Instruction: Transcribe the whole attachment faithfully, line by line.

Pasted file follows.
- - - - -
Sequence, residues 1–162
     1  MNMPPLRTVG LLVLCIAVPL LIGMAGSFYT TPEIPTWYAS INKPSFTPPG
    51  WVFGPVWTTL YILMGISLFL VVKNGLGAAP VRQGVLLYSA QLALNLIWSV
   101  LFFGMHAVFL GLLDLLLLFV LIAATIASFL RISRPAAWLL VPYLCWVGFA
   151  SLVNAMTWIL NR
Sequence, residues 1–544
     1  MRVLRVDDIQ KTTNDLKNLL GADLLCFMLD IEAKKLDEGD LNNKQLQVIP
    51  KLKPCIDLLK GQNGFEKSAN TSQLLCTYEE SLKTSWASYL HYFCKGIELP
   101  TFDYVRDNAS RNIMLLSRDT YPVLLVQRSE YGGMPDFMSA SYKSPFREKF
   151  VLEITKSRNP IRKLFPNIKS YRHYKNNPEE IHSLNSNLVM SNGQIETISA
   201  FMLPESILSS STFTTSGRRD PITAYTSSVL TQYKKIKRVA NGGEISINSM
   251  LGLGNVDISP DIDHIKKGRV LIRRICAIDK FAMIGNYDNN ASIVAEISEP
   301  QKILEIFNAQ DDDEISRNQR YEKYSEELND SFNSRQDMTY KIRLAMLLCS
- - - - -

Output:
Sequence, residues 1–162
     1  MNMPPLRTVG LLVLCIAVPL LIGMAGSFYT TPEIPTWYAS INKPSFTPPG
    51  WVFGPVWTTL YILMGISLFL VVKNGLGAAP VRQGVLLYSA QLALNLIWSV
   101  LFFGMHAVFL GLLDLLLLFV LIAATIASFL RISRPAAWLL VPYLCWVGFA
   151  SLVNAMTWIL NR
Sequence, residues 1–544
     1  MRVLRVDDIQ KTTNDLKNLL GADLLCFMLD IEAKKLDEGD LNNKQLQVIP
    51  KLKPCIDLLK GQNGFEKSAN TSQLLCTYEE SLKTSWASYL HYFCKGIELP
   101  TFDYVRDNAS RNIMLLSRDT YPVLLVQRSE YGGMPDFMSA SYKSPFREKF
   151  VLEITKSRNP IRKLFPNIKS YRHYKNNPEE IHSLNSNLVM SNGQIETISA
   201  FMLPESILSS STFTTSGRRD PITAYTSSVL TQYKKIKRVA NGGEISINSM
   251  LGLGNVDISP DIDHIKKGRV LIRRICAIDK FAMIGNYDNN ASIVAEISEP
   301  QKILEIFNAQ DDDEISRNQR YEKYSEELND SFNSRQDMTY KIRLAMLLCS